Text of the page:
Evaluation of Trapezoidal Shaped Grooves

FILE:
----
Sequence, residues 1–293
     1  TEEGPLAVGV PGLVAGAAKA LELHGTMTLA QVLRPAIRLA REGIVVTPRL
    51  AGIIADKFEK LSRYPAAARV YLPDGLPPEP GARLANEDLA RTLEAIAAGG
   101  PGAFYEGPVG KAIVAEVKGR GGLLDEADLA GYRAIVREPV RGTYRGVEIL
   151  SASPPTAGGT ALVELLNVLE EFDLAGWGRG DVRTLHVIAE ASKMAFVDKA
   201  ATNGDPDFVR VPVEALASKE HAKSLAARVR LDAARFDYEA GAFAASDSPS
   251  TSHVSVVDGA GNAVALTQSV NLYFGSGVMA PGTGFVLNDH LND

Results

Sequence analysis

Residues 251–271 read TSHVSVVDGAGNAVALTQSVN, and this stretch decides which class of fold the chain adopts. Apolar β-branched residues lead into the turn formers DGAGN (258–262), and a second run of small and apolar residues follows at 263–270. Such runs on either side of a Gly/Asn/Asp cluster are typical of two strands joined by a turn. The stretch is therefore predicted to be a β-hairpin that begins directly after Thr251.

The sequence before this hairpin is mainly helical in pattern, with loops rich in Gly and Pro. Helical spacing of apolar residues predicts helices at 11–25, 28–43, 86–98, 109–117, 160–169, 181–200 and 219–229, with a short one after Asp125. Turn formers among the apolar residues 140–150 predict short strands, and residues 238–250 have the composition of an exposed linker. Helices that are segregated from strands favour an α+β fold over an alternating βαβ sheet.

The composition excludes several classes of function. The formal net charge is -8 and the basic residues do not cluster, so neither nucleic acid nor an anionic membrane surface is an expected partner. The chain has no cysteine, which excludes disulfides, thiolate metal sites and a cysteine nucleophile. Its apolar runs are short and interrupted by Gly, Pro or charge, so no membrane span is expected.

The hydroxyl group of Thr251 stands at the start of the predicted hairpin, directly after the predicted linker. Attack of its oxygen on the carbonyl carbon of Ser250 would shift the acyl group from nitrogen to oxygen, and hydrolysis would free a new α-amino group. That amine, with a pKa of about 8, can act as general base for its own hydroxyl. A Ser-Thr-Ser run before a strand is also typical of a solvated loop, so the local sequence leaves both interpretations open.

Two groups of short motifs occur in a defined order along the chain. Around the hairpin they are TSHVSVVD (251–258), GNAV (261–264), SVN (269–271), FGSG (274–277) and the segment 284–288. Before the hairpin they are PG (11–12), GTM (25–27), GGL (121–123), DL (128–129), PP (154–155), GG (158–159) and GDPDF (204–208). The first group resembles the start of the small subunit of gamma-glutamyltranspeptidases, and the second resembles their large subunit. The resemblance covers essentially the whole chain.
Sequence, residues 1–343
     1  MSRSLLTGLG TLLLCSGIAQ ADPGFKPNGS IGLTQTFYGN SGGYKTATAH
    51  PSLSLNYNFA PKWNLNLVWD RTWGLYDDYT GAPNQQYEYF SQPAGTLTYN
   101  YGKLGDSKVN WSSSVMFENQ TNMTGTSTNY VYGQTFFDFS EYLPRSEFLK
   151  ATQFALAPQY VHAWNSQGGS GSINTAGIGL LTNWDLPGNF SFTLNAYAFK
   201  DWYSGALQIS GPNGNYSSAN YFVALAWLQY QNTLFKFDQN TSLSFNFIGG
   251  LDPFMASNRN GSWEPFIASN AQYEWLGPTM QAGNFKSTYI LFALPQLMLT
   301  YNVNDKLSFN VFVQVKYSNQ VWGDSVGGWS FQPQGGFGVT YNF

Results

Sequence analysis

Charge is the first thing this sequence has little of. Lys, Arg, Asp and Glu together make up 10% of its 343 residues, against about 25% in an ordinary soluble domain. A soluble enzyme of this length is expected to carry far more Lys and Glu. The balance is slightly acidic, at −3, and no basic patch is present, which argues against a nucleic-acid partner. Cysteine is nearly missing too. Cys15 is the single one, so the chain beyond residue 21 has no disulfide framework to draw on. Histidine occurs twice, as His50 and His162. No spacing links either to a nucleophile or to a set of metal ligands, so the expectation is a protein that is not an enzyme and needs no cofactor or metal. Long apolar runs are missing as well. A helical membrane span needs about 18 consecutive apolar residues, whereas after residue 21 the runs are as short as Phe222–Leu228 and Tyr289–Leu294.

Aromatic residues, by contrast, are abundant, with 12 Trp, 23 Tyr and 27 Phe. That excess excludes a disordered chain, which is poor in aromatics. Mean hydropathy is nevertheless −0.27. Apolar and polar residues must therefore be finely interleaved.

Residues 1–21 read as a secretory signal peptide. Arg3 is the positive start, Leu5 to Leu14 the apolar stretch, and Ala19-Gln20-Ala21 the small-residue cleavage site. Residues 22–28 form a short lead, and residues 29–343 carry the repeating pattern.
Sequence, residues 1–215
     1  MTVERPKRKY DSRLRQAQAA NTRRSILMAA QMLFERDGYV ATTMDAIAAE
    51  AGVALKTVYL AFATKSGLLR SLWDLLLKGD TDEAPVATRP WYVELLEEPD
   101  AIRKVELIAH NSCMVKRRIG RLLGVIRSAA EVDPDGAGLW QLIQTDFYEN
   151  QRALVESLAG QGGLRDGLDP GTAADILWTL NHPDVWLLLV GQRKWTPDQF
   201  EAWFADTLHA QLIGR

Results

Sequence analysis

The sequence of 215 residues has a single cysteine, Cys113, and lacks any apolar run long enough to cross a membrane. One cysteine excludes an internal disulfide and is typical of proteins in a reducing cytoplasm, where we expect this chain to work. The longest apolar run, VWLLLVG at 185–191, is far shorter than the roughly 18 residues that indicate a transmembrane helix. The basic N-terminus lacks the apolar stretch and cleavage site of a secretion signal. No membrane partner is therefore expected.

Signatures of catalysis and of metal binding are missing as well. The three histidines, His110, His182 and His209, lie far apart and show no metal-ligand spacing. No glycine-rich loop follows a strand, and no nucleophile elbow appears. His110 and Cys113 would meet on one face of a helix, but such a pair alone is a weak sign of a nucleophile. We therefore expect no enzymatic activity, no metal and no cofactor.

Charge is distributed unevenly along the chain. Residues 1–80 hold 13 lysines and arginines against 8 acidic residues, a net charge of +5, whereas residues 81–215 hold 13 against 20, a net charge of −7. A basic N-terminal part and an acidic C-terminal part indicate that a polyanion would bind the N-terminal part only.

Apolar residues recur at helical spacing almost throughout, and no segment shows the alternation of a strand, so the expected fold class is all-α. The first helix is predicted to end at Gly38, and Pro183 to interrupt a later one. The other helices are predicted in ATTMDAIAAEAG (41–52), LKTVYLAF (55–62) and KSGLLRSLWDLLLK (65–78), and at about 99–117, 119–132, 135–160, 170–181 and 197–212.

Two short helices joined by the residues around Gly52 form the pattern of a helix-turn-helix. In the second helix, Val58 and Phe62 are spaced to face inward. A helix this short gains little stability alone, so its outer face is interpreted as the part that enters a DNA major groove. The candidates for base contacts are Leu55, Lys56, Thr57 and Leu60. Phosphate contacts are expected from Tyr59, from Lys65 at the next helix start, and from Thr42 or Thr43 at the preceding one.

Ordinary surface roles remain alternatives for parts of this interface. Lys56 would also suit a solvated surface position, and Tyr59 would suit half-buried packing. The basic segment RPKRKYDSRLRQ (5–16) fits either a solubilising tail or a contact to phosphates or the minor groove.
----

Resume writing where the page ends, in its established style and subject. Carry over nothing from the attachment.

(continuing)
As with the NAPTF, ACY, and MCAF Quantico groove installations, the only noticeable difference with the installation activity was the time it took for the contractor to change the cutting blades on the groove-cutting machine when it was time to switch to a different groove pattern. As mentioned, this step would normally not occur in the real installation as the contractor would not be switching between the standard and trapezoidal blades. The airport operations staff at ORD reported no noticeable differences in the installation process involving the trapezoidal-shaped grooves. As with the MCAF Quantico installation, the complexity of the test layout required the contractor to spend some time measuring the runway to ensure that the sequence and size of the test sections were correct. This, of course, would not be a factor in a real-world installation. The operation resumed without any unexpected issues. It was estimated that the contractor was able to groove the asphalt pavement at a rate of approximately 28 linear ft (by 9 3/8 ft wide) per minute, which is comparable to the rate for cutting standard grooves in asphalt. Cost. Another objective of Phase Four was to compare the cost differences associated in cutting trapezoidal-shaped grooves versus standard groove cutting in asphalt pavement. For the installation at ORD in early 2008, the costs for cutting the trapezoidal-shaped grooves averaged $1.50 per square yard, not including transportation and material costs. Comparably, the cost for cutting standard grooves would have cost approximately $1.10 per square yard. As noted, the cost for cutting the trapezoidal-shaped grooves would be about 15% to 25% higher than the standard grooves until the cost of the blades decreases with the growth of large-scale production. Local labor rates, work hours, and other site-specific factors can also affect pricing. Wear And Durability. Researchers monitored the trapezoidal-shaped and standard groove areas to observe differences in wear and durability. Specifically, they were watching to see how the grooves endured over a long term, maintained their specified shape, and resisted rubber contamination. Approximately 10 months after the groove installation was completed at ORD, researchers returned to the airport to conduct their first evaluation. It was noted that there was a difference in the amount of rubber contamination on the trapezoidal-shaped grooves, just as was observed at MCAF Quantico. Researchers noticed that there was less rubber buildup on the top edges of the trapezoidal-shaped grooves than there was on the top edges of the standard groove. Figure 46 shows a portion of the runway at ORD where the grooves transition from standard to trapezoidal. Note the additional rubber contamination on the standard grooves on the left, versus the trapezoidal-shaped grooves on the right.
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